Breaking Murphy's Law
How Optimists Get What They Want from Life-and Pessimists can too
By Suzanne C. Segerstrom
Guilford Press Copyright © 2006 The Guilford Press
All rights reserved.
Glass Half Full, Glass Half Empty, or Glass That Needs to Be Washed?
The Optimistic Character
If a reporter asked you if you were optimistic, what would you say? The bathroom-scale problem aside, it might be a difficult question to answer because different people define optimism in different ways. Like my friend in New Orleans, people sometimes equate optimism with happiness, or they use it to mean a general positivity about life or hopefulness about the future. Psychologists, on the other hand, use a more restricted definition of optimism that refers only to beliefs and not to emotions. Those who study risk estimates (are you more or less likely than the average person to get in an auto accident?) refer to an optimistic bias, those who study causal beliefs (what caused that accident?) refer to optimistic and pessimistic attributions, and, last but not least, those who study personality refer to dispositional optimism. It is this last formulation — optimism as a personality trait — that is the focus of this book.
Everyone has a personality, of course, but how do you know that you have a certain kind of personality, like being an optimist? If you went to a party last Friday night, do you have an outgoing personality? If you cleaned your cabinets last Friday night, do you have an obsessive-compulsive personality? If you got in a bar fight last Friday night, do you have an aggressive personality? Most people would say no, because the concept of personality implies something more than a specific way that you spent a single night. First, personality has to arise from inside the person. If you ordinarily hate parties but went to one last Friday because someone coerced you, then that behavior isn't personality. Second, personality implies a pattern of behavior, not just a specific instance. Maybe you are usually a slob but cleaned your cabinets because your mother was coming to visit on Saturday. We wouldn't call this behavior personality either. On the other hand, if you're cleaning your cabinets three times a day, the possibility of an obsessive-compulsive personality comes to mind. Third, personality implies some influence across a number of situations. If you have a history of picking fights in bars, gesturing and swearing at other drivers, kicking the cat, and arguing with your boss, most people would agree that you have an aggressive personality.
What does it take to have an optimistic personality? First, it takes positive beliefs about what will happen in the future — what psychologists call "positive outcome expectancies." However, you can't just have positive beliefs about the potential outcome of one bar fight next Friday night ("I'm going to kick a**!") to have an optimistic personality, because personality implies a pattern. You have to have optimistic beliefs about several kinds of situations; that is, those "positive outcome expectancies" have to be "generalized" across several domains of life. Finally, to qualify as a personality trait, your optimistic beliefs have to be stable over time. If you're dispositionally optimistic, you're almost certain to have the same generalized optimistic beliefs on Friday that you had on Monday, and your beliefs will probably change very little over weeks, months, or even years.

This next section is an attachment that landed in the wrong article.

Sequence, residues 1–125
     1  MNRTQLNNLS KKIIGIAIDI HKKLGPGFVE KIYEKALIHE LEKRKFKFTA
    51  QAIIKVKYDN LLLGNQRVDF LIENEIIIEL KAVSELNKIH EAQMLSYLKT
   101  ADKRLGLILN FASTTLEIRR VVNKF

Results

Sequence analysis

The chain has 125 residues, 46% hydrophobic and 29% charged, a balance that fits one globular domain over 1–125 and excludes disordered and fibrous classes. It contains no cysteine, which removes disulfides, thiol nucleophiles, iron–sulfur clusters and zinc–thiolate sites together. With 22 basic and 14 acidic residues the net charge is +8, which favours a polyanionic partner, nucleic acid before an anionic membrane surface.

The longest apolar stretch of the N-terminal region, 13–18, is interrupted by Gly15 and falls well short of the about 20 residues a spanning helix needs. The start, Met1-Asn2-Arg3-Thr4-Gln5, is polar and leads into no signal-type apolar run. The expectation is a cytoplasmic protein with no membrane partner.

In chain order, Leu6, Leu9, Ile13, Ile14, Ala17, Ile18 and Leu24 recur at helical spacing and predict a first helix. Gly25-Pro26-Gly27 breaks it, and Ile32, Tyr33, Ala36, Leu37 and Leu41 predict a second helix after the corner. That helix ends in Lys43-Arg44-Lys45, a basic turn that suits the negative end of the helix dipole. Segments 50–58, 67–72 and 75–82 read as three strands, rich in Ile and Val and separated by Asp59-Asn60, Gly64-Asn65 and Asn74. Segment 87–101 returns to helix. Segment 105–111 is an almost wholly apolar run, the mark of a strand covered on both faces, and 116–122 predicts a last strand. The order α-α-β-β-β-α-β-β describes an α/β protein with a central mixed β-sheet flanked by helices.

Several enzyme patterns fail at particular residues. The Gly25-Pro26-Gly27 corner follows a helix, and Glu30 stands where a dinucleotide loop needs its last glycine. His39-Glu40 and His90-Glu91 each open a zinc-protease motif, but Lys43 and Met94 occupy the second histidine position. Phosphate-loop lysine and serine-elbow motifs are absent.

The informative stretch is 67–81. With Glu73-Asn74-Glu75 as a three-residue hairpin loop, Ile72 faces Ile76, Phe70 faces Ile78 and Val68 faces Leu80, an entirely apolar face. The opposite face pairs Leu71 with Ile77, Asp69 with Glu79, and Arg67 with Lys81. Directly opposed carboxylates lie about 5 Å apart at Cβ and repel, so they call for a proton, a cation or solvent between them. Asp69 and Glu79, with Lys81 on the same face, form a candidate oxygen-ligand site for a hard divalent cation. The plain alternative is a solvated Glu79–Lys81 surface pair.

In fact, on the 10th anniversary of my first major research study of optimism, I decided to try to find out how stable "dispositional" optimism really is by contacting the participants from that study to see whether and how much their optimism had changed. With half of the sample responding so far, the degree of stability is remarkable. The optimism scale used in the study has respectable reliability, a statistic that tells how much overlap you would find between two administrations of the scale if the person didn't change. In this case, if you gave the optimism scale twice and underlying optimism didn't change at all, you could expect the scale to overlap with itself about 72%. The actual overlap between my study participants' optimism scale scores in 1994 and their scores in 2005: 36%. That means that half of the potential overlap was actually maintained over a decade. Looking at these data another way, if we define stability as change of 10% or less on the optimism scale, nearly two-thirds of the sample had stable optimism. If your college roommate was one of those people who envision a future full of accomplishments and successes, she is likely to be doing the same thing at the 10-year reunion. If you had the misfortune to room with an Eeyore, who saw nothing but gray skies ahead (and see Chapter 4 for why this was an unfortunate pairing for you), don't be surprised if he is still forecasting doom and gloom a decade later.
ARE YOU POLLYANNA OR EEYORE (OR BOTH)?
Given the durability of dispositional optimism, you may be encouraged to know you are probably optimistic. When I give people questionnaires that measure their levels of dispositional optimism, around 80% of them could be classified as having optimistic personalities. Very few people are actually pessimistic, and I have seen only one score — in over 1,700 questionnaires — that corresponded to absolute pessimism, meaning the person agreed strongly with all the pessimistic statements (Nothing good will ever happen to me? Of course.) and strongly rejected all the optimistic statements (I usually expect the best? Not at all.). In contrast, I often see scores that correspond to absolute optimism, in which people strongly disagree with all the pessimistic statements and strongly agree with all the optimistic ones. Most people are optimists, just to varying degrees. When you look at the chart on this page, you can see how optimists occupy the biggest piece of the pie.
Your own degree of dispositional optimism comes from two beliefs:
1. How strongly do you believe that good things will happen in your future?
2. How strongly do you believe that bad things will happen in your future?